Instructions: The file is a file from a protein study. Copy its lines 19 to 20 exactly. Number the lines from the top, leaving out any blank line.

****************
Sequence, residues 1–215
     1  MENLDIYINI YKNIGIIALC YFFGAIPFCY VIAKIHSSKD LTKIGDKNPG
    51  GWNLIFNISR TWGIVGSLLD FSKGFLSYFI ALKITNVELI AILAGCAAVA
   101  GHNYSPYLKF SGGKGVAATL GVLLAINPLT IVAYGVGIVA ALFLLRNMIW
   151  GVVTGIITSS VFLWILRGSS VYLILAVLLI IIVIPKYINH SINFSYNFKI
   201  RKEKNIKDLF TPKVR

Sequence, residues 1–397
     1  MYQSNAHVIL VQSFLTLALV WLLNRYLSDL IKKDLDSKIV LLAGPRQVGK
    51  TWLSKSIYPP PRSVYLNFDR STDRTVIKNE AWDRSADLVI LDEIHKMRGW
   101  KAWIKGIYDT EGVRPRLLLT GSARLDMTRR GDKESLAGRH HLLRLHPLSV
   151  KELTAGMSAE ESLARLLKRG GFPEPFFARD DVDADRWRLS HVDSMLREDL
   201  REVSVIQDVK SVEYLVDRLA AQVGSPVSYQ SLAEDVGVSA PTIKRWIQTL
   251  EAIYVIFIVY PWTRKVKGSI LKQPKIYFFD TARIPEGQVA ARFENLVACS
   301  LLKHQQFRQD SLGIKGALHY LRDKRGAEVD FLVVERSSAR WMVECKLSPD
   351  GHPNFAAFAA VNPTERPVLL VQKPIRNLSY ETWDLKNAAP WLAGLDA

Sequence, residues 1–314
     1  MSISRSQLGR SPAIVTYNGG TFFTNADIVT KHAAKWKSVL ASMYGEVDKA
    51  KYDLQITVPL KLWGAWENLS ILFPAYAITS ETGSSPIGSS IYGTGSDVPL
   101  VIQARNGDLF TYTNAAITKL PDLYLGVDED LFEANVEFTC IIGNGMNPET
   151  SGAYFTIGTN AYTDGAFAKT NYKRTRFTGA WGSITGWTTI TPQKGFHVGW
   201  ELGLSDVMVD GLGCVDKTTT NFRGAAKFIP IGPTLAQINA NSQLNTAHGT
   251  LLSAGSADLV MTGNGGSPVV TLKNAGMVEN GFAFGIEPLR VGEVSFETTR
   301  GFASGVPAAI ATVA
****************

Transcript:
   101  VIQARNGDLF TYTNAAITKL PDLYLGVDED LFEANVEFTC IIGNGMNPET
   151  SGAYFTIGTN AYTDGAFAKT NYKRTRFTGA WGSITGWTTI TPQKGFHVGW